UPDATE (3:53 p.m.): For a look at the response to LePage’s comment, some of which were included in a previous version of this blog post, check out the article posted this afternoon. In the meantime, let’s look at some numbers.
People all over were scratching their heads trying to figure out this statement from Gov. Paul LePage:
“About 47 percent of able-bodied people in the state of Maine don’t work,” said LePage in audio recorded secretly during a Falmouth event where the governor spoke with a group of conservative women. “About 47 percent. It’s really bad.”
The stat was likely cited to bolster LePage’s position that Maine’s welfare system needs a drastic overhaul, but it isn’t supported by official labor statistics.
The thing with comments like these from LePage is that while he doesn’t always hit the nail directly on the head, his comments are often grounded in a real number or statistic.
For example, LePage also told the crowd in Falmouth that the economy in Maine was doing well, as evidenced by the fact that the state was holding about $47 million in surplus. He joked that he was hiding the money from Democrats because if they knew about it, “they’d have it spent by Christmas.”
No such surplus exists, but the number wasn’t pulled from thin air: At the end of the recent budget biennium, the state did have about $58 million more in revenue than was expected. The amount from general fund revenue was $47 million. But that money had already been allocated and spoken for by the time LePage made his comment.
So what are the real numbers here?
The state’s labor force participation rate is just over 65 percent, according to data from the Maine Department of Labor. That figure represents the percent of Mainers over the age of 16 — excluding those in jail, prison or the military — who are working or actively seeking work. That number is about 709,000, according to August data. The rate is calculated by dividing that number by the total number of noninstitionalized, nonmilitary Mainers over the age of 16, which in August was about 1,085,000.
Economists and labor statistic wonks leave out the under-16s because they’re not supposed to be working, and the imprisoned for obvious reasons. Got me so far? OK, good.
That leaves about 35 percent of Mainers who are not in the workforce at all. This includes the so-called “discouraged unemployed,” who have given up looking for work, the retired, the disabled, and people who are just too young to hold down jobs. To be sure, it also includes a number of “able-bodied” people who aren’t working or actively seeking work, though the state has no good stats on that number.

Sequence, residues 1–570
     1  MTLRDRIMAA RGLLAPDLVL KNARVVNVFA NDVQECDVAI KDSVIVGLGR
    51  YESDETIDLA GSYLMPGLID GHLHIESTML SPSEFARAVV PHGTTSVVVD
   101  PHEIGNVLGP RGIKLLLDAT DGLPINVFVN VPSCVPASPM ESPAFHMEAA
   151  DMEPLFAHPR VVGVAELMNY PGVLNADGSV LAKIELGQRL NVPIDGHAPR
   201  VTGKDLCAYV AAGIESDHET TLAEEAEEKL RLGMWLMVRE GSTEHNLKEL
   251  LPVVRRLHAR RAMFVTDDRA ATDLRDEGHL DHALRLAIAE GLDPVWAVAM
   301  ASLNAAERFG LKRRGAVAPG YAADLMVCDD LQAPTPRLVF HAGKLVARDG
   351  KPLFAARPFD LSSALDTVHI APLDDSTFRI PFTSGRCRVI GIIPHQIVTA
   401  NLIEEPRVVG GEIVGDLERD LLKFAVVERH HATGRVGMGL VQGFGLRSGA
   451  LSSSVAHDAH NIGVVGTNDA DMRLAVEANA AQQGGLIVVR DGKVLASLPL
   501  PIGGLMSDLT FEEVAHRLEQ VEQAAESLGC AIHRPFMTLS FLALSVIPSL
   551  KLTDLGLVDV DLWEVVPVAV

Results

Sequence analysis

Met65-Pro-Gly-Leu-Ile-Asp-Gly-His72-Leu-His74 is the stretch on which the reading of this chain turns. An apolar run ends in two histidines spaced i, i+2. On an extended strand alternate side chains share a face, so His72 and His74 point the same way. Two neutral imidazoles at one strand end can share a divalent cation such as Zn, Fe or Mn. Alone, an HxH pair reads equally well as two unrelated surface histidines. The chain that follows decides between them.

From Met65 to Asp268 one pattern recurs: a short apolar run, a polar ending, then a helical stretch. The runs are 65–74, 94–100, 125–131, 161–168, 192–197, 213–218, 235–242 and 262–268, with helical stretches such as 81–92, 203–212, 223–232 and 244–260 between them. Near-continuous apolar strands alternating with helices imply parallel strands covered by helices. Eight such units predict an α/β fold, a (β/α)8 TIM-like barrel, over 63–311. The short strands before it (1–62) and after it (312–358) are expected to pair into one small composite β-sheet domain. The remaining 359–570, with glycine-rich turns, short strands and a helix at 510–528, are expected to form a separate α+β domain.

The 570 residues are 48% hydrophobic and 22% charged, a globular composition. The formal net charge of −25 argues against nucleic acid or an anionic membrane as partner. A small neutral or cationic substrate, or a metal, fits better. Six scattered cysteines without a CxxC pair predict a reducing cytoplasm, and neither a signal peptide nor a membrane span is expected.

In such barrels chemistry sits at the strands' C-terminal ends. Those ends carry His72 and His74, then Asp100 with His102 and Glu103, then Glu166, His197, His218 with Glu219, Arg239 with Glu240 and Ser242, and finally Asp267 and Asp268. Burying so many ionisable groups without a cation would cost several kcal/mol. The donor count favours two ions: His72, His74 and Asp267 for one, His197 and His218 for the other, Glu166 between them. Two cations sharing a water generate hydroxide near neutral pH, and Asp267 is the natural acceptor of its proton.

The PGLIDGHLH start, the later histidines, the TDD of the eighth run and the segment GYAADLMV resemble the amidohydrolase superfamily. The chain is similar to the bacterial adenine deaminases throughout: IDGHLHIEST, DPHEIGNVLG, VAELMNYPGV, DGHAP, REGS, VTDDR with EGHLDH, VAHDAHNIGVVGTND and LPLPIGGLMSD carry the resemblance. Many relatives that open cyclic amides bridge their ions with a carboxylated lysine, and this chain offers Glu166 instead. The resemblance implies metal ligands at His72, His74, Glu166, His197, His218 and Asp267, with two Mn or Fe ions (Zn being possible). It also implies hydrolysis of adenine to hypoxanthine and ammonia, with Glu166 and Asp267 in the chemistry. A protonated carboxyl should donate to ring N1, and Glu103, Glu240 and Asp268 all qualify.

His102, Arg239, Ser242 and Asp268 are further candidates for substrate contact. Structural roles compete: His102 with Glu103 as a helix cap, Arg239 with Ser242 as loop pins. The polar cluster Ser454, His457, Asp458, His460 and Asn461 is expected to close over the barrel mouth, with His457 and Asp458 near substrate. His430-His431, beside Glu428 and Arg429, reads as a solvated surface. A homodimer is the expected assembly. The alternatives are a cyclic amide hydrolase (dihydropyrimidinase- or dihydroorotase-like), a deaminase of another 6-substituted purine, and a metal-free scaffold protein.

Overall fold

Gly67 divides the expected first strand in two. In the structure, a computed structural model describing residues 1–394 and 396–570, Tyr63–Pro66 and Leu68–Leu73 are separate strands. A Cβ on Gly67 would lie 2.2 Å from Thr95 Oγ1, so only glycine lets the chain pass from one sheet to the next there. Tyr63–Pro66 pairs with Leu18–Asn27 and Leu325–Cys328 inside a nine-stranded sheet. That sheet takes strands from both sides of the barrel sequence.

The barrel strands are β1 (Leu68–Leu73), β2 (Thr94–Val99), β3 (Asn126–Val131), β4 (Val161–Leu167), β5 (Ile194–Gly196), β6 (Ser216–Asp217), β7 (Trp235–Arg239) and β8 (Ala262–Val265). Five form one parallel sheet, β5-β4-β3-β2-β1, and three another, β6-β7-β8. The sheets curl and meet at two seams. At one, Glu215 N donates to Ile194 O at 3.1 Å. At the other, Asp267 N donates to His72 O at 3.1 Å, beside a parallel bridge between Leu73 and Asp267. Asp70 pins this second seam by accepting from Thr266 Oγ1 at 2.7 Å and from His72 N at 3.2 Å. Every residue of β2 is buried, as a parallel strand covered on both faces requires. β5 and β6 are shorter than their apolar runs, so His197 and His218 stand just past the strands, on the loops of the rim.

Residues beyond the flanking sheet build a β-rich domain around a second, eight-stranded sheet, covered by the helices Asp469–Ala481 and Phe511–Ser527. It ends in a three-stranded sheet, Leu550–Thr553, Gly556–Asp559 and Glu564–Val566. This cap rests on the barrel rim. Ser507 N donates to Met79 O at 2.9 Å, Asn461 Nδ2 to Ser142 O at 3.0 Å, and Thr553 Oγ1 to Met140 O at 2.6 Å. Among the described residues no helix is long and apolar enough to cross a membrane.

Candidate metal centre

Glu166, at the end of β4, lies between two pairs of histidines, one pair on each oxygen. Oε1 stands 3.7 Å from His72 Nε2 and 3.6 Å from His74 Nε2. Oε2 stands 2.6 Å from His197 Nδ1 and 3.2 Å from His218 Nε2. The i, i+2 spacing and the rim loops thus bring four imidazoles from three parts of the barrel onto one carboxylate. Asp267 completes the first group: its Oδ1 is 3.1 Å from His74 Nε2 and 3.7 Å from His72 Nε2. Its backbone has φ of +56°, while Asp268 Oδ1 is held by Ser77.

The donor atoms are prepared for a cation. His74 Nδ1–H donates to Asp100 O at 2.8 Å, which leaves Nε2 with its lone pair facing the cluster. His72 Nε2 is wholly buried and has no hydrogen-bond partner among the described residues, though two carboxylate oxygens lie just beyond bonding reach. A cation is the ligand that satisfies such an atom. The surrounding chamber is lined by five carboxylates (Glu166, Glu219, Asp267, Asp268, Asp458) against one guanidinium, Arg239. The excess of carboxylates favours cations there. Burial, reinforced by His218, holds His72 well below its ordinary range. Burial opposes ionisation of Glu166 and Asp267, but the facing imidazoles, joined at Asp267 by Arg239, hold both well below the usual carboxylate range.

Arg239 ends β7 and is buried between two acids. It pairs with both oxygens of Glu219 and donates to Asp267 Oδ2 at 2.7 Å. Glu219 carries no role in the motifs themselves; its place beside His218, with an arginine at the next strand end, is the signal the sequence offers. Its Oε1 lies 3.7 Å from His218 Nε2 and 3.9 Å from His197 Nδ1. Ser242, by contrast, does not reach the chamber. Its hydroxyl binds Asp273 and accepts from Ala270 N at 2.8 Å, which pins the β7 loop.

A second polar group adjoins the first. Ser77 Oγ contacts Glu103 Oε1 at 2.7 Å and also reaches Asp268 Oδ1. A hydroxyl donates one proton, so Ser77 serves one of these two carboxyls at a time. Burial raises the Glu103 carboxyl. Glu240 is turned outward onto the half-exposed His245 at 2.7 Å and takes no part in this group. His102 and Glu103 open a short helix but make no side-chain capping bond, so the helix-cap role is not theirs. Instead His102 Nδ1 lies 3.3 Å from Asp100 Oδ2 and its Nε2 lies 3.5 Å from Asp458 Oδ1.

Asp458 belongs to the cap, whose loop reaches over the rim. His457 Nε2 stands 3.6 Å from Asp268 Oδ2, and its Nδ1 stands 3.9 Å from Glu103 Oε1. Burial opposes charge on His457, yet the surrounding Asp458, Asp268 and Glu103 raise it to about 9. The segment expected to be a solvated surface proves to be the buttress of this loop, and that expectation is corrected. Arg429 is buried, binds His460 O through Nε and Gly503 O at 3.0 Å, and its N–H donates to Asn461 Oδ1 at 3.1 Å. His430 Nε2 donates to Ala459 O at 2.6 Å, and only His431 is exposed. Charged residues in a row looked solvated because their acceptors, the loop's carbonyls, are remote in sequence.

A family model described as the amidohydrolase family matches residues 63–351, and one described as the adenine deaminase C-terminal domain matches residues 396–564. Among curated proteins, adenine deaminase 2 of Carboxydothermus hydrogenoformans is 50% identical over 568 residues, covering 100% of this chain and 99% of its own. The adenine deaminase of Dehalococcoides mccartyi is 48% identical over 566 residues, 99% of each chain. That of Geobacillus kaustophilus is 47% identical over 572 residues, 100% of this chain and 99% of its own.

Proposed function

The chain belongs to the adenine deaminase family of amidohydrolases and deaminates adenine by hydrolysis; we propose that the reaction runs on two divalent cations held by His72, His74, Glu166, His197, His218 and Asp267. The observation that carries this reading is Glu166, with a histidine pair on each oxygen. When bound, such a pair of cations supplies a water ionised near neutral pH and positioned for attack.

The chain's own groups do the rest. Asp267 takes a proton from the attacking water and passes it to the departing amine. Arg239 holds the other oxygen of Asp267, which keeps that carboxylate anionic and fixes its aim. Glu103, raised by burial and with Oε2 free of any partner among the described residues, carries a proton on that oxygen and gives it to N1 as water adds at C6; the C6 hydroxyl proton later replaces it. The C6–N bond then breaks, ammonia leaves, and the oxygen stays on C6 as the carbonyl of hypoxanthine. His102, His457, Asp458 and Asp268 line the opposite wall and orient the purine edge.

OK, so how did LePage get 47 percent? Obviously I don’t know for sure, but it looks like he or an adviser inadvertently included Maine’s under-16 population — as well as those institutionalized and military folks — in their math.
If you divide the civilian labor force — the roughly 709,000 figure we talked about above — by the state’s total population of 1.329 million, which includes those under 16 years old, you get 53 percent. That would leave 47 percent who are not working or looking for work.
And as stated above, even if the figures were correct, that 47 percent would include not only those who are “able-bodied” and unemployed, but those who are too young (under 16 years old), too old (i.e., retired), or too disabled to work in the first place.
This is where statistics can get even savvy politicians in trouble. It’s easy to get the math right, while getting the conclusion wrong simply by using the wrong inputs. Plus, figures like the “labor force participation rate” include a lot of nuance, and aren’t easily reduced to soundbites. It’s why so many economists and analysts hesitate from being quoted in stories about politics, and why the same people caution against “reading too much” into any one figure or statistic, encouraging the public instead to look at broad trends.
It’s also why Penn Jillette — one of my favorite pundits, even if I don’t agree with him on every occasion — had this to say during the intro to the “numbers” episode of the wildly irreverent TV show he shared with his partner, Teller: Numbers don’t lie, even if people do.
(Heads up, this clip is for grown-ups only. There are lots of cuss words.)